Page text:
6)      Follow up. It’s great meeting people and chatting to them but you need to follow up any good contacts. That inner voice says to me, ‘they’ve forgotten you already and they’re not interested,’ but when I’ve dropped people an email, again they’re been happy to mail back.

7)      Brush on your social media. It’s easy to dismiss Linked-in and Twitter as a bit of fun but I’ve now got Twitter friends and Linked-in connections with people I’ve met.  Perhaps they won’t come to anything but who knows? If nothing else, it doesn’t hurt to have people to chat with.  NB Don’t get obsessive over it though. Read this article by Filip Matous from Enviable Workplace and weigh up the pros and cons.

So those are my thoughts as a complete novice. What are your top tips for networking?

Classroom Secrets: it’s all work, work, work

BBC1 programme Classroom Secrets is a clever idea: stick some cameras in a Year Four (eight and nine year olds) classroom and invite the parents to watch the results. Maybe we should do this for every child. It was interesting how one set of parents thought their moppet would be quiet and diligent in class. He wasn’t. And how another believed their daughter was probably being led astray by other children. She wasn’t.

I can’t count the number of times in the past when I’ve said I was deputy head of a primary school and had the response, ‘Oh how sweet! That must be fun. Not like working with teenagers.’

No, not like teaching teenagers (I’ve done both) but different. In the past, along with other colleagues, I’ve taught small children who have bitten, screamed, sulked, ran off, hidden and kicked and it’s not always easy to get the parents to support their children.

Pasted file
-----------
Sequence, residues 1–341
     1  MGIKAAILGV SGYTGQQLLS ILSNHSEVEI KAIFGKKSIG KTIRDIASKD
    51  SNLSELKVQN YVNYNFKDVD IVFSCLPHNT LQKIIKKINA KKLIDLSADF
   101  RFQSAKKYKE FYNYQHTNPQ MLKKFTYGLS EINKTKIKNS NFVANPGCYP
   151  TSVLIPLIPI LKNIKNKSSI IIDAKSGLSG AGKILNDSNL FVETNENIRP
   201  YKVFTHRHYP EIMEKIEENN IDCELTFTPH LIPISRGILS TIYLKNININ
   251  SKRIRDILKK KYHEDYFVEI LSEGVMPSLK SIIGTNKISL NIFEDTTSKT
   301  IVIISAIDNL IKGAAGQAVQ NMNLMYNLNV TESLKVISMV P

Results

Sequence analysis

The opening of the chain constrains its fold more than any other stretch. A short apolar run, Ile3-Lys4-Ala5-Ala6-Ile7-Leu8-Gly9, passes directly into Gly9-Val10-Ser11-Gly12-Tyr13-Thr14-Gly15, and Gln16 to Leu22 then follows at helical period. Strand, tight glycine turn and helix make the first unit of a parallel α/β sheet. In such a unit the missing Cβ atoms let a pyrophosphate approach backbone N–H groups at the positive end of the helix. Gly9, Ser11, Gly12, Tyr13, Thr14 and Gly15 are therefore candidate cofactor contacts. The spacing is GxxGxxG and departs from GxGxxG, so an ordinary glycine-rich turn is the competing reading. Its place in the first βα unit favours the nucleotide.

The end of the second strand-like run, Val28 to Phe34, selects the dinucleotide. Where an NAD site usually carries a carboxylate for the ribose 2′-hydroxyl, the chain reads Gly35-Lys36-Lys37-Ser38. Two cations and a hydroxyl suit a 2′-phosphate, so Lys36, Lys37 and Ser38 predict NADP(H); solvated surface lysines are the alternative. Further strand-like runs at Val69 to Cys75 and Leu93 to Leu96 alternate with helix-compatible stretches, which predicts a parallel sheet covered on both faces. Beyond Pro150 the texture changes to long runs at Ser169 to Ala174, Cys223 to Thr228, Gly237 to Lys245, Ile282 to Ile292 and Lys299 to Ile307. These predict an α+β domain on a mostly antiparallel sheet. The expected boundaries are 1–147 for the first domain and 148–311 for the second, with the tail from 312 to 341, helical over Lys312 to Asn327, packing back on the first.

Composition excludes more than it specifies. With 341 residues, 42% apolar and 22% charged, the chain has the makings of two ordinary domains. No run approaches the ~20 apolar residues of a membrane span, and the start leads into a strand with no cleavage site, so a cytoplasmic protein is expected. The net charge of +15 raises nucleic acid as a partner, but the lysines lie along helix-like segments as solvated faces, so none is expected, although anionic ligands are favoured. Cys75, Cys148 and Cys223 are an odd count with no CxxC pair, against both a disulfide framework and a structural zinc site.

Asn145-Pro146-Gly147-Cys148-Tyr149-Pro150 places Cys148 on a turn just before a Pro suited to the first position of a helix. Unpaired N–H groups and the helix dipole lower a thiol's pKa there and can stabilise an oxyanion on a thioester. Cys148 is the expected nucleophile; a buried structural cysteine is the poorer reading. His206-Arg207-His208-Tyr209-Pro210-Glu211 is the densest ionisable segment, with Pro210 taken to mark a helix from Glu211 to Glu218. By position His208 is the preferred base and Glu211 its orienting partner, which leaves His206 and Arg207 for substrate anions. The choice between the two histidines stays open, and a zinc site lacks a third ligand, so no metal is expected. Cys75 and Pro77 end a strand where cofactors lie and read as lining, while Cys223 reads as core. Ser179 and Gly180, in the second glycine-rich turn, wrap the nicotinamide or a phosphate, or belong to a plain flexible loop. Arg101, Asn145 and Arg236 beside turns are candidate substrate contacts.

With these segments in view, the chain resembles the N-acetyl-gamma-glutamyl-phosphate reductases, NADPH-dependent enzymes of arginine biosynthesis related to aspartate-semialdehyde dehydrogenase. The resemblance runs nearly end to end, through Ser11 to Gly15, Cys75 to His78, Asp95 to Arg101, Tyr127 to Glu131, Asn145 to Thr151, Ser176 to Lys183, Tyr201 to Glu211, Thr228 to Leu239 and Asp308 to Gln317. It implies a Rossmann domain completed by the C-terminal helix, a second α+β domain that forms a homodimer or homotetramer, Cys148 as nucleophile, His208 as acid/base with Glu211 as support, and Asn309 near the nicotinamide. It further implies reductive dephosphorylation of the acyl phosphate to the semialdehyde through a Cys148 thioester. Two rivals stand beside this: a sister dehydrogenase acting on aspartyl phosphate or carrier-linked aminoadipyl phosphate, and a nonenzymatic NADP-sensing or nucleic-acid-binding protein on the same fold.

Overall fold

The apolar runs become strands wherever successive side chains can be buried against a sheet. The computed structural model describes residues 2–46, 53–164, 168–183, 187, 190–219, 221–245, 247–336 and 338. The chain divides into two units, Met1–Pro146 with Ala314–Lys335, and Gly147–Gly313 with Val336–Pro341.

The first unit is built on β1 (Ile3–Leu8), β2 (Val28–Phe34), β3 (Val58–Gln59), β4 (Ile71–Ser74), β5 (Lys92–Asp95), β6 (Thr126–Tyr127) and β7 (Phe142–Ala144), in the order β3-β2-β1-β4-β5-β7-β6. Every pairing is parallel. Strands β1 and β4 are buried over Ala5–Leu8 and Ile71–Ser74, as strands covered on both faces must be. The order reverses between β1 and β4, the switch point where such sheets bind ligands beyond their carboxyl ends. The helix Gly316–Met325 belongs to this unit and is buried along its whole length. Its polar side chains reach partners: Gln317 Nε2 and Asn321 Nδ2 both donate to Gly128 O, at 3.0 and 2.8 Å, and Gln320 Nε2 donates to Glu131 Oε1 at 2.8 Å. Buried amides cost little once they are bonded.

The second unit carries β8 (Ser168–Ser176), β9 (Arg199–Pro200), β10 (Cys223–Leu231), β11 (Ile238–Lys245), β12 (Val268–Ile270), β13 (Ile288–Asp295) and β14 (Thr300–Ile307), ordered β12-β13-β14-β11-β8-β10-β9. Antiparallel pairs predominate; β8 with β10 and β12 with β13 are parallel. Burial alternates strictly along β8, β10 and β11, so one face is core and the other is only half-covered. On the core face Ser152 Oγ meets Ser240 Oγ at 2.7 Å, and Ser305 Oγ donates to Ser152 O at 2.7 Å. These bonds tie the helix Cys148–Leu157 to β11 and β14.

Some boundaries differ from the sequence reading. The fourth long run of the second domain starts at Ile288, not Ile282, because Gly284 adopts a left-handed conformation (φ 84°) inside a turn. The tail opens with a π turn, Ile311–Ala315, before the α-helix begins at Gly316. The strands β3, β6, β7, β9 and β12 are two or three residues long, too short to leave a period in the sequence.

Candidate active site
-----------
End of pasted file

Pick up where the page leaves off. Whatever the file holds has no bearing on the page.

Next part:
One aspect of behaviour that emerged in the programme was that fact that children came into school tired on a Monday morning and not able to concentrate. We’re then shown a child eating a croissant slathered in Nutella for breakfast in front of the TV. That’s an awful lot of quick release sugar for a child’s breakfast resulting in a peak of energy followed by a dip and lack of concentration in class.

Too much sugar for a child's schools day breakfast!

But these are issues that every school has to deal with. It’s important to engage parents and children in learning about healthier lifestyles. This includes the importance of a good balanced breakfast based on the eat-well plate and why sleep is so important (the NHS recommend ten hours a night for a nine year old child.) It’s also important for schools to support parents in how to manage their child’s behaviour. Parents can’t be expected to know all the answers. Unless children are well rested, healthy and safe they will always struggle with their Latin. Are you listening Mr. Gove?

And the outcome? The parents were able to see exactly what their children were like at school and they and the teachers began to understand each other better.  The teacher changed her behaviour management style in class and the parents put their kids to bed earlier. Result all round.

Ps I’m not commenting further on the teaching and behaviour management of  that schools as I’m sure there will be enough comments elsewhere…but please stop going on about work, work, work.